Dancing with fire
With a flaming fire knife in one hand the young performer flies to the edge of the stage, somersaults across it and begins his routine that involves spinning the burning fire knife in front of his face.
Gisborne Boys' High student Ethan Ratapu only began training a year ago in the Samoan art known as siva afi but with moves like that managed to take fifth place in a siva afi competition in New Zealand's first Schools Siva Afi competition which was held at Auckland's Mangere Arts Centre on Saturday Competitors from Gisborne and Auckland performed traditional items from Samoa, Tahiti and Hawaii.
Ethan took up training in the art of fire knife dance under maths teacher and siva afi exponent Tim Noyce “because it looked cool and different”, he says.
After living in Samoa for eight years, during which time he trained in the art of siva afi, Noyce moved to Gisborne. His achievements in siva afi competition include winning the New Zealand 2017 TahiMana Fire championship, third place in the 2018 individual men's event in the Cook Islands and third place in a duo routine with Amo Ieriko in the 2019 world siva afi competition in Samoa.
“I'm pretty much the only white guy who does siva afi,” says Noyce.
“When I came to Gisborne I thought I would see if the boys were into it.”
“First we were given six basic moves to learn,” says Ethan.
“We practised with sticks weighted at one end. The real sticks have a machete blade at one end. It was scary at first then after a while it was fun.”
The stick is known as nifo oki — the taiaha of the Samoan, says Noyce.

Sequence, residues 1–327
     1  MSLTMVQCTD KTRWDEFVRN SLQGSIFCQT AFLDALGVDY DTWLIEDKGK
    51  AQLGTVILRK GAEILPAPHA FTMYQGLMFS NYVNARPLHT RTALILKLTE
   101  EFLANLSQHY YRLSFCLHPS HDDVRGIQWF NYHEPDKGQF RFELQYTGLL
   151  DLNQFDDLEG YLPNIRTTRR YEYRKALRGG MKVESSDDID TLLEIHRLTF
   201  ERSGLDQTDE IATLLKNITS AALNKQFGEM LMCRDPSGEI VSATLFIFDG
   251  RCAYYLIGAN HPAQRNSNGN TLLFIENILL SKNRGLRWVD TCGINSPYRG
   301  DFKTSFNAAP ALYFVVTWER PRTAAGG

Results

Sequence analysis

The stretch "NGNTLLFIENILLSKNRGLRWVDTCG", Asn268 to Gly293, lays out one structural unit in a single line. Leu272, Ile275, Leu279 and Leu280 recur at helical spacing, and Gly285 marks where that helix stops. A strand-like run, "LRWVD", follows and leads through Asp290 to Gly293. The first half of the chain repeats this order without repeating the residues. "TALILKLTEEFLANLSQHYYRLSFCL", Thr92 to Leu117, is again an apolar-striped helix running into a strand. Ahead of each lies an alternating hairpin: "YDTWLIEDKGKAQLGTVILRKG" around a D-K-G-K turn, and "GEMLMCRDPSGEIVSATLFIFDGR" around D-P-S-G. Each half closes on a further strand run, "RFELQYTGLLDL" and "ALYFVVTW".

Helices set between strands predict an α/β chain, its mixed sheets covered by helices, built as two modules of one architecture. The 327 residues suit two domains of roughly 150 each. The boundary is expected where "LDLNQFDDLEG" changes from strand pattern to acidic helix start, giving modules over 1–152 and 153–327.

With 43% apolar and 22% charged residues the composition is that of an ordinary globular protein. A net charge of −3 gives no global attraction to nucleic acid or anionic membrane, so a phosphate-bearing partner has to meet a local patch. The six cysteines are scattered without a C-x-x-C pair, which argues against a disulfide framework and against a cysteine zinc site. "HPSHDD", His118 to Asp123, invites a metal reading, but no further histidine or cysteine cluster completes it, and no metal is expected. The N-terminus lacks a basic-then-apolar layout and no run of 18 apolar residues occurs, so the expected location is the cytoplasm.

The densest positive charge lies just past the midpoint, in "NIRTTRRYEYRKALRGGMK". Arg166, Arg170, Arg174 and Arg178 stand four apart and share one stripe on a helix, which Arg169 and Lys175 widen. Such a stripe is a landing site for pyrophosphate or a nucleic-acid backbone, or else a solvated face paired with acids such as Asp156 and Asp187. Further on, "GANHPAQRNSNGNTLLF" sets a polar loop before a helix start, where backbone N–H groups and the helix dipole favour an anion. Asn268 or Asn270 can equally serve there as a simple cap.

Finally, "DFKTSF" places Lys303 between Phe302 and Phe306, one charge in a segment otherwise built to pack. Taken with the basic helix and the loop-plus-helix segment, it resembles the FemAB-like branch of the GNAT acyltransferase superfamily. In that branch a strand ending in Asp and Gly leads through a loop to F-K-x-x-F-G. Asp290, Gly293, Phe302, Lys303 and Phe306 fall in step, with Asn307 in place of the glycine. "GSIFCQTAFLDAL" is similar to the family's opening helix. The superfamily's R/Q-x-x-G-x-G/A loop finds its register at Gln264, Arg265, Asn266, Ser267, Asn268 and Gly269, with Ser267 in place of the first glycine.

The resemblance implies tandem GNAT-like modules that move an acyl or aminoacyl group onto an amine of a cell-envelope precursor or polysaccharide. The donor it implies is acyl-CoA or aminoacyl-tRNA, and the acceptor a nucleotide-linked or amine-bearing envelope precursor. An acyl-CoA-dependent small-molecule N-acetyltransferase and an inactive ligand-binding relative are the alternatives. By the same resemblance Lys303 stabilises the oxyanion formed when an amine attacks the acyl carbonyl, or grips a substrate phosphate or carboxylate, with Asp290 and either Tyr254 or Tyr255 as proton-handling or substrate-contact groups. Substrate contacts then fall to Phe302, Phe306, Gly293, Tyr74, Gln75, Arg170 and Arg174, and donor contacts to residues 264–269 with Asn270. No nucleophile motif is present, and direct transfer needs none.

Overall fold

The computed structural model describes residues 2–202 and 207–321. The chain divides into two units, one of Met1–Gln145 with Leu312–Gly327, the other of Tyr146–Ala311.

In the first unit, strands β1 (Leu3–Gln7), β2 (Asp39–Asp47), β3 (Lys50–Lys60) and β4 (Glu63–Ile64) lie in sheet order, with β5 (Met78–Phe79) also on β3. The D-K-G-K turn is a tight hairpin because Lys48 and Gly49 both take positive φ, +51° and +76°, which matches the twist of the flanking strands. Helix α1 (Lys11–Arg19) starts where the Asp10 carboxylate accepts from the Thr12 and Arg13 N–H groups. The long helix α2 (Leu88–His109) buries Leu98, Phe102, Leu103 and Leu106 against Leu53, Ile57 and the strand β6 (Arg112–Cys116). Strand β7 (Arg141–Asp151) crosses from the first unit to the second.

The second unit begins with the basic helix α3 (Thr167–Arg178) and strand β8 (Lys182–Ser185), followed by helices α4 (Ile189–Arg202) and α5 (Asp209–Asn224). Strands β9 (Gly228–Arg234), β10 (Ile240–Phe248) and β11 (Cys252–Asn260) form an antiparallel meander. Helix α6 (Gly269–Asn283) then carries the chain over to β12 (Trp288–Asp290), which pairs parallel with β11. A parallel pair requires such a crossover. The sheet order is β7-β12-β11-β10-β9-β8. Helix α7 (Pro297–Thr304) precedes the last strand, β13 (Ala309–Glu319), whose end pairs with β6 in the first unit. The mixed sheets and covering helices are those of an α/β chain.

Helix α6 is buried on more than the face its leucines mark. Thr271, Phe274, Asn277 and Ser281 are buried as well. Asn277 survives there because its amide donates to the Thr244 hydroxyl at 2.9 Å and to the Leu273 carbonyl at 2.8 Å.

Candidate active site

“It's a bit shorter than a taiaha. Samoans made blades from whalebone. The end of it has a hook with a barb. Europeans changed it to a machete blade made from spring steel.”
In 1940 American Samoan paramount chief Freddie Letuli saw fire dances in the US, says Noyce.
“He added fire to the Samoan dance and took it back to the islands. Everyone has a different story about its origins.”
Boards are fixed either side of the blade which is wound with cloth to soak up the accelerant.
“I have a lot of scars on me,” says Noyce.
“It cuts through and melts your skin. I've had the hook go through my wrist.”
No blades are used in school student training or performance. In performance, exponents can use moves developed from the six basic moves, says Ethan — which led to his favourite move in the Auckland competition.
“I'm facing backwards then I spin around spinning the stick at the same time.”
That'll be the stick that is flaming at one end.
Ethan plans to continue training with a view to taking home the Auckland siva afi competition trophy — an actual fire knife with hooked and barbed blade.